PCPC Chairman Alan Greenberger, also the deputy mayor for economic development, said health care discussions between planners and Healthy Philadelphia and others should continue.
The accessibility of the Frankford Transportation Center also lead to a recommendation to more densely develop the nearby area with both residential and commercial construction.
The draft plan, which was developed after a series of meetings with key stakeholders and city residents, states a longer-range goal of turning the neighborhoods’ key artery – Roosevelt Boulevard – into a multi-modal corridor, where people could get around by car, but also by walking, bike or transit. The transit would connect with both the Market-Frankford El and the Broad Street subway line, Litwin said. Shorter term, the plan recommends a transit analysis to determine how best to expand transit using existing infrastructure.
Other goals established in the Lower Northeast plan include:
-Rezoning of the Castor Avenue Commercial Corridor to allow for greater building heights with residential units atop commercial spaces on the ground floor. Allowing for greater density along the corridor could help alleviate pressure to convert homes into apartments, brought on by a population increase of 13 percent over the past 10 years.
-Improving the Frankford Gateway, in part by building on existing resources in the area, including three historic properties: The Presbyterian Church of Frankford, the Frankford Friends Meeting House, and a house that was the first mortgaged house in the nation. The plan also encourages adaptive reuse of former industrial buildings, citing the Globe Dye Works, a former yarn-dying factory that is now artist live-work space, as a good example.
-The plan also calls for getting other historic structures around the district onto the local historic register. The document contains a complete list.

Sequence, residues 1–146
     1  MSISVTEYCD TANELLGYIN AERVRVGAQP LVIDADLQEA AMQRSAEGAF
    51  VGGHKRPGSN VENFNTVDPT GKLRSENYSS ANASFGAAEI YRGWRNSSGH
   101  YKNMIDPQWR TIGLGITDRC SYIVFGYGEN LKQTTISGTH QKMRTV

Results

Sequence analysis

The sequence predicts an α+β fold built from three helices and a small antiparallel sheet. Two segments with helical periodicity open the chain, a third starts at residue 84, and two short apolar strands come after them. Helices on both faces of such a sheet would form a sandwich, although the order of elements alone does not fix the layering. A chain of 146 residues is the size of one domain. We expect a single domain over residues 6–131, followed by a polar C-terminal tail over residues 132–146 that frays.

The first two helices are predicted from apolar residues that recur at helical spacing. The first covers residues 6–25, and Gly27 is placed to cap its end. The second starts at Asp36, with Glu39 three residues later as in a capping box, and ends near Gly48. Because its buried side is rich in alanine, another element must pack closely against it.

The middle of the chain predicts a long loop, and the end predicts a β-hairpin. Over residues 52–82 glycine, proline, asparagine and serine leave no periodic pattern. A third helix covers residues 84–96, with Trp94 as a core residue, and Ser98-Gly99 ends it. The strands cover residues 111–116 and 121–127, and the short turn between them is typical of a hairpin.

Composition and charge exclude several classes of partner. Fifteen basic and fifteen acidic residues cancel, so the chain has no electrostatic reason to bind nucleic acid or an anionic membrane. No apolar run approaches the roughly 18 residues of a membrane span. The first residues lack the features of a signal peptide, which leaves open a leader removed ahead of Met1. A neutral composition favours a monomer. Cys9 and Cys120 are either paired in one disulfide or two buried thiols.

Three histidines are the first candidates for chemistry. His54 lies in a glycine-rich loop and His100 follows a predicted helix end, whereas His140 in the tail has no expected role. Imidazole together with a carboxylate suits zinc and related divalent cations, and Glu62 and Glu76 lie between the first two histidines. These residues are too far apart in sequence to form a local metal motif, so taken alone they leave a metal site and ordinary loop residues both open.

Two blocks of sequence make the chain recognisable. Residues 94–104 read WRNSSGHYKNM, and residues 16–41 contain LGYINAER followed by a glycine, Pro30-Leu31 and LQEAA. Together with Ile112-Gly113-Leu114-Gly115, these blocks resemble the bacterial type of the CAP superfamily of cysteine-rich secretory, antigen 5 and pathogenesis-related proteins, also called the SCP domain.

-Improvements to green spaces and other public spaces.
-Zoning changes. Some steer uses in a geographic area toward a change advised in the plan, such as those mentioned above within the Castor Avenue Commercial Corridor. Others align zoning classifications with current use. For example, there are many properties in the Frankford Avenue corridor that are zoned commercial but are actually residential, civic space or parking lots, Litwin said.
Long-time North East activist Lorraine Brille said during the public comment session that she had a few concerns about the draft proposal. Earlier transportation studies have recommended that we “keep the Boulevard the way that it looks,” she said. And “we don’t want rezoning, we can work within the existing zoning.” Brille kept her comments short as she had to hurry to another meeting.
Greenberger said planners should think more about the types of housing in the Lower Northeast, and if they are meeting all the needs of the increasing population. Perhaps other zoning changes are needed to accommodate other zoning types, he said. He agreed that a public transportation analysis is needed, saying that the northern end of the Northeast has many jobs, but residents without a car cannot currently get to them very easily. Litwin said nearly 30 percent of residents in the Lower Northeast do not have cars.